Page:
Supporting the family by cooperating with the psychiatrist: “The mother repeatedly overdosed on medication. She passed away. I could not consult with the psychiatrist well” (No. 11).

3.4.4. Assessing Child-rearing Abilities and Supporting

Child-rearing capacity was assessed in terms of categories such as affection for the child, for example, “did not react if the baby cried or laughed” (No. 28); child-rearing skills, for example, “asked me whether it was all right to give the baby rice cakes” (No. 10); and basic life stability, for example, “gathered a lot of trash at home because of his collectomania” (No. 28).

Child-rearing Skills: “The mother gave the baby milk; however, she could not prepare it correctly. The amount of milk and the manner of preparation were wrong” (No. 26).

Child-rearing support was provided by giving consultations each time like “She was worried about little things, so I taught her each time” (No.13); gaining the cooperation of relatives, for example, “I visited the grandparents’ home many times and asked for assistance in child-rearing” (No. 17); and using support services fully, for example, “I made the parents use social resources as much as possible” (No. 14).

Giving consultations each time: “We told the mother to come to us whenever she is irritated at her baby.” (No. 21).

3.4.5. Cooperating with Related Agencies

To support PMI, PHNs needed to collaborate with staff of the mental health department, child welfare agencies, psychiatrists, and other related agencies. They cooperated with related support agencies by sharing roles, for example, “We ask for the child consultation center’s help when the situation gets too severe” (No. 20); by coordinating the management of support, for example, “Many agencies are involved with the case. The management is important” (No.28); and providing timely support, for example, “I visited the mother soon after her SOS” (No. 22).

Coordinating the management of support: “I made arrangements to support the parents during pregnancy and the immediate postpartum period by using the help of caretakers, caseworkers, home visiting staff for child-rearing, planning support staff, and medical social workers” (No. 9).


4.1. Diagnoses of MI and Difficulties in Providing Support

In the current study, each participant reported two cases she felt had been examples of successful support and two cases of unsuccessful support. Support in cases of addiction and personality disorders was likely to be unsuccessful. A literature review revealed that the parents of abused children largely suffer from mood disorders, schizophrenia, addiction, and personality disorders [6]. In the current study, cases of addiction and personality disorders were likely to be more difficult than cases of mood disorders or schizophrenia. Previous reports have suggested that addiction [15] and personality disorders are [16] are characterized by significant difficulties in child-rearing. Moreover, these disorders basically cannot be treated with medication. These might have been the reason why PHNs were unsuccessful in supporting parents with addiction or personality disorders.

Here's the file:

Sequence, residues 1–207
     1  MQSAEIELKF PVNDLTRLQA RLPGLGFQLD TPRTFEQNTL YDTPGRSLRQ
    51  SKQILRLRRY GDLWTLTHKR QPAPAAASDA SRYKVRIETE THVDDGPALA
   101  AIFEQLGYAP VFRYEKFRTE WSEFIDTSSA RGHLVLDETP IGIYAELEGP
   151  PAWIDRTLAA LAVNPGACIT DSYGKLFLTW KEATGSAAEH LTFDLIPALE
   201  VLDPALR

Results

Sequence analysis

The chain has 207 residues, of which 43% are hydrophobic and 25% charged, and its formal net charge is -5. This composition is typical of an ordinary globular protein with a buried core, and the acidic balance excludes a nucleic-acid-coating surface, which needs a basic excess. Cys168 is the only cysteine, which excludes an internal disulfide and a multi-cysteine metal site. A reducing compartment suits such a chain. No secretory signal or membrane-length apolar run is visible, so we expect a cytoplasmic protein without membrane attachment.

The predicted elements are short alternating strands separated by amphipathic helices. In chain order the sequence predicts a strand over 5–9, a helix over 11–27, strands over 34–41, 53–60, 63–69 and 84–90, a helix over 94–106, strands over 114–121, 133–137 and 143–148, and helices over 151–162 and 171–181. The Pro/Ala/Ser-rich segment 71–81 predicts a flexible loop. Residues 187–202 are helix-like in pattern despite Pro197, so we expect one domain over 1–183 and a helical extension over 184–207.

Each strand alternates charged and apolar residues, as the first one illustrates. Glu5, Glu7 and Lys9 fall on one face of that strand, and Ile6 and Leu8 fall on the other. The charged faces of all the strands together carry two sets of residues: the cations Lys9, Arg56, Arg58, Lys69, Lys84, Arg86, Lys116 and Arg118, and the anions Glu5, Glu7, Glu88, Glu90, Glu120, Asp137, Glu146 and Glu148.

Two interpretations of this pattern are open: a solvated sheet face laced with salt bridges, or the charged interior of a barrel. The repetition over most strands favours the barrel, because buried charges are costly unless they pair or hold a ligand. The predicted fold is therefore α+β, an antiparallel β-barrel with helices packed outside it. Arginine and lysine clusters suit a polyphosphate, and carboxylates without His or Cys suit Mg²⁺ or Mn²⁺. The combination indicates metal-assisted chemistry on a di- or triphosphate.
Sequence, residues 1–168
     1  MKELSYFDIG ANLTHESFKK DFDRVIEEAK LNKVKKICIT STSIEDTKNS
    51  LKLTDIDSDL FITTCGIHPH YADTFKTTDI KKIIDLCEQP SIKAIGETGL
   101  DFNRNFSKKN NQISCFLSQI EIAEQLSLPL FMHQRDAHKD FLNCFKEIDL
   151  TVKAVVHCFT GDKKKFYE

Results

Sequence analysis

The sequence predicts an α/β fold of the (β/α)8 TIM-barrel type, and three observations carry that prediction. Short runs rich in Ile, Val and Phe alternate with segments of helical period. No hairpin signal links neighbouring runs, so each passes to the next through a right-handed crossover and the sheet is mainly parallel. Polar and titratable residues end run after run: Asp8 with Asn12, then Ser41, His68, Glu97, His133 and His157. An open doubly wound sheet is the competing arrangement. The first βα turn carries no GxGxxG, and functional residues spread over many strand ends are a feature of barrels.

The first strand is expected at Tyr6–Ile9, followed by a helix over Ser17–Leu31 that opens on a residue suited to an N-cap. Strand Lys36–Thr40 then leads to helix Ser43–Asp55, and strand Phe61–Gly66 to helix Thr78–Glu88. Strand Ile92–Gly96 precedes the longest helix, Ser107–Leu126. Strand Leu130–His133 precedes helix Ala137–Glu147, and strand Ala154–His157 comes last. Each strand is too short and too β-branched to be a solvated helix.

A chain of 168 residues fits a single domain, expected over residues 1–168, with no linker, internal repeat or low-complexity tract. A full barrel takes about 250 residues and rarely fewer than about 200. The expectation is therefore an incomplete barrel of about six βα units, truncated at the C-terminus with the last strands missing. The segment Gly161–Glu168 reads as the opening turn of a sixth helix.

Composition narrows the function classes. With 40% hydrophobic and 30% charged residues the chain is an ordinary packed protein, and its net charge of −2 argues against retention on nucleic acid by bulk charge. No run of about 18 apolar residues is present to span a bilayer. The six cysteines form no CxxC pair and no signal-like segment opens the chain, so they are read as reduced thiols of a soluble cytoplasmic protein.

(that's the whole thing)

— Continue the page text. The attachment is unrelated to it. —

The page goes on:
4.2. Goals of Support as Perceived by PHNs

Nurses supported PMI with the goals of “building continuous consultative relationships,” “ensuring that living conditions had a minimum level of safety and comfort,” “playing roles as parents,” “parents and children living together in the community,” and “fostering children’s growth.” It is important to note that the recovery of PMI, which refers to gaining and retaining hope, understanding one’s abilities and disabilities, engagement in an active life, personal autonomy, social identity, meaning and purpose in life, and a positive sense of self, was not among their goals [17]. Practitioners supporting parents and children rarely follow the goals associated with mental health recovery models [18]. However, recovery is a major goal of mental health rehabilitation and should accordingly be recognized as one in the context of PMI.

4.3. Skills Required to Support PMI